The Equal Remuneration Act, 1976 (“Equal Remuneration Act”)
Here again, we find discussions and cases of wage discrimination, in which women workers are paid less than their male counterparts. This is a story throughout the world, even in developed countries.
Article 39 of our Constitution directs that “States shall, in particular, have policies towards securing equal pay for equal work for both men and women.”
Under the Equal Remuneration Act:
- Employers shall pay equal pay to man and a woman who perform the same or even similar work.
- Employers could not legally discriminate between men and women in the recruitment process unless there is a legal limit to the employment of females in certain sectors.
ILO Convention & Constitution
The establishment of the International Labour Organisation in 1919 influenced considerably the activities of the State in this field. Most of these laws have been inspired by the Conventions and Recommendations adopted by the International Labour Organisation.
Promotion of equality in employment is positive enforcement, unlike prevention of discrimination, which is a sort of negative right or negative equality. This involves breaking down both horizontal and vertical occupational segregation.
The ILO Constitution of 1919, and the ILO Convention on Equal Remuneration 1951, both recognize the principle of “equal pay for work of equal value.” This is also enshrined in the Constitution of India under Articles 14 and 15, as well as the Equal Remuneration Act of 1976. Despite such recognition often the issue of equal pay for women workers goes un-championed, even by trade unions, as they often do not view this to be a problem that affects the workers as a whole.
Another cause for a disparity in income is that a majority of the active female workforce is involved in the informal sector, such as agriculture and domestic work, which have very few regulations in terms of remuneration and social security.
In addition to the above- mentioned laws, there are some other statutes for the welfare and protection of female factory workers. Furthermore, female workers should be made aware of various acts providing social security for them:
- The Employee’s Provident Fund & Miscellaneous Provisions Act, 1952;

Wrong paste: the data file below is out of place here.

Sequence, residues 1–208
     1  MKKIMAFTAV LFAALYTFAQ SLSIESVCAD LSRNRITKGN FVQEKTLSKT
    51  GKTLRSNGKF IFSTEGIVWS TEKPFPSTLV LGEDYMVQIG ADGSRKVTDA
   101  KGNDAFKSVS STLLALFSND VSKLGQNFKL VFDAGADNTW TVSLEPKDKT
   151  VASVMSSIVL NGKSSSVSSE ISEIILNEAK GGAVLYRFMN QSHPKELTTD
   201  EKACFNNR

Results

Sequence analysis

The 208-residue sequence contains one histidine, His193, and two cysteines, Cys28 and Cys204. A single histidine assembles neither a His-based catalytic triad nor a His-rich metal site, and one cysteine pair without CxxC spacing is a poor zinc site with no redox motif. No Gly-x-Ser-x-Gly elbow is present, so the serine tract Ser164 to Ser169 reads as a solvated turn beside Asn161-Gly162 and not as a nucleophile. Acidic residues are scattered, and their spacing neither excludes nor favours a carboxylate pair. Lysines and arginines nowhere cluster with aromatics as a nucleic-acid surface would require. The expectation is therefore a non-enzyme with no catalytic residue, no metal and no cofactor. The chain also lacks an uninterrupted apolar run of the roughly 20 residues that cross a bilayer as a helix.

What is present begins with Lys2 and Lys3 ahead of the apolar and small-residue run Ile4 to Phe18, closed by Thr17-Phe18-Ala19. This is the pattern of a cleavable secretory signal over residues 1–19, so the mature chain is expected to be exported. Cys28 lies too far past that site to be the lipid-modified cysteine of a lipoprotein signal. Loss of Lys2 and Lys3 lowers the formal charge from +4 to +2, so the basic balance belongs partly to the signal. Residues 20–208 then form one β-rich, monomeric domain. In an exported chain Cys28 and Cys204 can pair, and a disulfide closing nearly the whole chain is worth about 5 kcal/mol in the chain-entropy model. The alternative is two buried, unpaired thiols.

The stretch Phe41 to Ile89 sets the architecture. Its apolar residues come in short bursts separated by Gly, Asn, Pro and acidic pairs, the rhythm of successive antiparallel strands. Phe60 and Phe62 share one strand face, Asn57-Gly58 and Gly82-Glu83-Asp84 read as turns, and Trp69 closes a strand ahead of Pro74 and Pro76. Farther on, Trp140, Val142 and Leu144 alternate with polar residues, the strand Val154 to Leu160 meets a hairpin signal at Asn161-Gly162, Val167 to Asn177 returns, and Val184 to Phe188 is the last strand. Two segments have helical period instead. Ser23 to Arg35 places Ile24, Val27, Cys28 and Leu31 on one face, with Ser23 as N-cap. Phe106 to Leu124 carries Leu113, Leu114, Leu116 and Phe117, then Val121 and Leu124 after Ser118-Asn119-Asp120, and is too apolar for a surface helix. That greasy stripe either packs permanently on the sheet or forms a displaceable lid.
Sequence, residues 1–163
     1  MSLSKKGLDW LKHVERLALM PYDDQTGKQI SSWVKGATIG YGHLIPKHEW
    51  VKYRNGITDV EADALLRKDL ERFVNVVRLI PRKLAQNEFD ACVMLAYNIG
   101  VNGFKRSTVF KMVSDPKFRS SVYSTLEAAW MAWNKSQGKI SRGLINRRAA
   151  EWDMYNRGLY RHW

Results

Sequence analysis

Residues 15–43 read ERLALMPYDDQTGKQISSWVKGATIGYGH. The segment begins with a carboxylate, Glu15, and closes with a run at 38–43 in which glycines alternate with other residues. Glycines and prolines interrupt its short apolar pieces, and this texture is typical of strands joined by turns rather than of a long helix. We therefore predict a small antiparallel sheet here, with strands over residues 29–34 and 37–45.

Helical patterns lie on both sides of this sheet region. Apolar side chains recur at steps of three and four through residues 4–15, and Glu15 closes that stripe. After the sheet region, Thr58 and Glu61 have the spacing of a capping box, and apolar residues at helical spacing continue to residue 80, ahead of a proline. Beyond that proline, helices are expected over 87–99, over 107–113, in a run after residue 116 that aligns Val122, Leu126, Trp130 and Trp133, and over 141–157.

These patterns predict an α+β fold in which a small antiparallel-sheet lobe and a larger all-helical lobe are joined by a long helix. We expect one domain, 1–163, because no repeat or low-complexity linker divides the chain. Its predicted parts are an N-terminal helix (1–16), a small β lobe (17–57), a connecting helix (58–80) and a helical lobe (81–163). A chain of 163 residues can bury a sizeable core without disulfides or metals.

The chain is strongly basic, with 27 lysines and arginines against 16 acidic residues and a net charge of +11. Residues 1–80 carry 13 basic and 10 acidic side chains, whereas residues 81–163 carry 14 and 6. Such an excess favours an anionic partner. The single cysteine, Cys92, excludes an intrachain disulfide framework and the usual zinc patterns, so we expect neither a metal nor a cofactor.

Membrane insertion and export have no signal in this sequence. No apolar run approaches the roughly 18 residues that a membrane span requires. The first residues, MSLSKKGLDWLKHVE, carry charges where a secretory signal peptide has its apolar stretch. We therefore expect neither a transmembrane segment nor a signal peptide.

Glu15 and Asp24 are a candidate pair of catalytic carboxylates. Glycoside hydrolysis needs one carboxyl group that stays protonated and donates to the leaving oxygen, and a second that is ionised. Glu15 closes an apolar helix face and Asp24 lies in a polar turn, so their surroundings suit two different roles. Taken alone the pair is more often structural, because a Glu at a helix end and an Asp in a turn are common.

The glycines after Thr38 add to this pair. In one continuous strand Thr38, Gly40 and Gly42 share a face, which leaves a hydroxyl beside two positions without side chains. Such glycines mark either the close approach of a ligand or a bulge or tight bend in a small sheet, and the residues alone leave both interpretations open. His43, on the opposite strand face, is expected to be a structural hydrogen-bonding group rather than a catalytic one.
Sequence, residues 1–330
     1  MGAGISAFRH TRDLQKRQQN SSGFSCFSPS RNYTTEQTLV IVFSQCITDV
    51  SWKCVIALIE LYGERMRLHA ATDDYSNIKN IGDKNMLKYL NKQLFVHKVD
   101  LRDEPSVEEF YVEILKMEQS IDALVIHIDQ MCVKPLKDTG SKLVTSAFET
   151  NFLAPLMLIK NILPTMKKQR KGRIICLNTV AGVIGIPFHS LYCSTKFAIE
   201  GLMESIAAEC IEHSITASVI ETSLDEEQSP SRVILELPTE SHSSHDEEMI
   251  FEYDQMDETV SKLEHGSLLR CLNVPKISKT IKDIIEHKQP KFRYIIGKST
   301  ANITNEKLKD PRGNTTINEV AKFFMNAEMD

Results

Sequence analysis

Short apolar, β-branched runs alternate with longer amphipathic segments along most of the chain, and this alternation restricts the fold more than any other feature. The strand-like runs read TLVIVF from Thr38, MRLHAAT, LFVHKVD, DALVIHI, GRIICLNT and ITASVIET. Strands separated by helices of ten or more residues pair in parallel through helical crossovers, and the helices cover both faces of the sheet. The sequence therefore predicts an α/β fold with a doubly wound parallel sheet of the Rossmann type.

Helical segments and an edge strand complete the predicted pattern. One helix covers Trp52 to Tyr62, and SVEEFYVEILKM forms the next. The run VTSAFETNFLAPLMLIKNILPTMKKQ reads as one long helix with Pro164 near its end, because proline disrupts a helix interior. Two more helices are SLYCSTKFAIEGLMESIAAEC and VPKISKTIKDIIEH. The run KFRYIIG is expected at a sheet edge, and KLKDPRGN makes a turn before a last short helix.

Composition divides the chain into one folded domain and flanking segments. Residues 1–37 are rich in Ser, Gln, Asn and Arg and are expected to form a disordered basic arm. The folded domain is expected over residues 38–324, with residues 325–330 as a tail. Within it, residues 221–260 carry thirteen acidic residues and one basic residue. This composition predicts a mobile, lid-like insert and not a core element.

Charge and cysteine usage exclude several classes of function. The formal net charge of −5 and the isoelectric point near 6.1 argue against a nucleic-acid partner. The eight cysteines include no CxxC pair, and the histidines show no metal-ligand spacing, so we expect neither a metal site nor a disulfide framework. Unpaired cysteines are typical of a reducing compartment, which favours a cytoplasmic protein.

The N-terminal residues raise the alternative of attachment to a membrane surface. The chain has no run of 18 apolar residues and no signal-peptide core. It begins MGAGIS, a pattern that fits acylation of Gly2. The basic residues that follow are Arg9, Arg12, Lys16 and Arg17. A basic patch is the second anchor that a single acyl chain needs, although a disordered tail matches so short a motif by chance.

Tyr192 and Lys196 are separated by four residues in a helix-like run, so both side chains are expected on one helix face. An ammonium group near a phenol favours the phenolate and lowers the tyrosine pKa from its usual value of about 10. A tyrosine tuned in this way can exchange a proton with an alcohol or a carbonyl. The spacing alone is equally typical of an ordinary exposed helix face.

- The Employees State Insurance Act, 1948;
- Payment of Gratuity Act, 1972;
- Payment of Bonus Act, 1965, etc.
What is the need for Special Protection for Women?
- While women constitute a substantial chunk of the available workforce in India, they are still lacking in work participation (the percentage of women employed is still low) as well as the quality of employment.
- One of the reasons for this lack of this female labor participation is the lack of suitable jobs on offer, i.e. the disparity between what they can do and what is available to them.
- The question of safety is another reason for low female participation in the field of employment. Good governance and law enforcement is a must if the intention is to increase women’s sense of security and thereby encourage more women to take up jobs.
- Another problem is that the sectors that women are employed in such as “domestic work” fall under the “unorganized sector” and this is problematic in the sense that there is no strong set of workplace rules in place; this again is a factor that leads to the lack of women in the active workforce, as it is incredibly hard to simply maintain a job let alone build a career.
- This vulnerable position of women in terms of adverse conditions is only worsened by any possible sudden negative impact upon the industry as they are already dealing with unequal intrinsic situations.
- They have to cope with childbirth and related issues, they have also to deal with domestic responsibility, which in a patriarchal society is not much of a concern to men, etc.
It can be seen from the multiple special provisions created for the welfare of women that both at the national and international levels, there has been a movement towards the empowerment of women in labor law. There has been a transparent move towards creating equal pay, equal access to opportunity, bar, and redressal of harassment and provision of maternity benefits a reality in Republic of India. in fact, a majority of laws in respect to the special provisions for women are modeled after the International Labour Organization conventions.
India being a founding member of the International Labour Organization has tried terribly onerous to stick to the standards provided by the International Labour Organization : The special rights provided to women in various labour laws (i.e. The Factories Act, 1948, The Mines Act, 1952, The Plantation Labour Act, 1951, The Building and Other Construction Workers’ (Regulation of Employment and Conditions of Service) Act, 1996, The Beedi and Cigar Workers (Conditions of Employment) Act, 1966, The Contract Labour (Regulation and Abolition) Act, 1970, The Inter-State Migrant Workmen (Regulation of Employment and Conditions of Service) Act, 1979, The Maternity Benefit Act, 1961, The Employees’ State Insurance Act, 1948, The Employees’ Provident Funds and Miscellaneous Provisions Act, 1952, The Payment of Gratuity Act, 1972, and The Workmen’s Compensation Act, 1923, Minimum Wages Act, 1948, Payment of Wages Act, 1936 and Equal Remuneration Act, 1976) are proof of this.
However, it is important to note that some of these protective legislations have backfired and proved to be counterproductive in nature. The only way to solve such issues in socially rather than legally, i.e. by making the work environment safer through social intervention, legal rules that are paternalistic in nature can be relaxed. The next level of effort that India needs to make is to develop effective implementation and redressal mechanisms. The best way to ensure effective implementation of these provisions and redressal of any complaints is to begin implementation at a grassroots level, i.e. at the level of individual enterprises, and employers. This will ensure that the actions are more specific in nature and will bring about more concrete outcomes.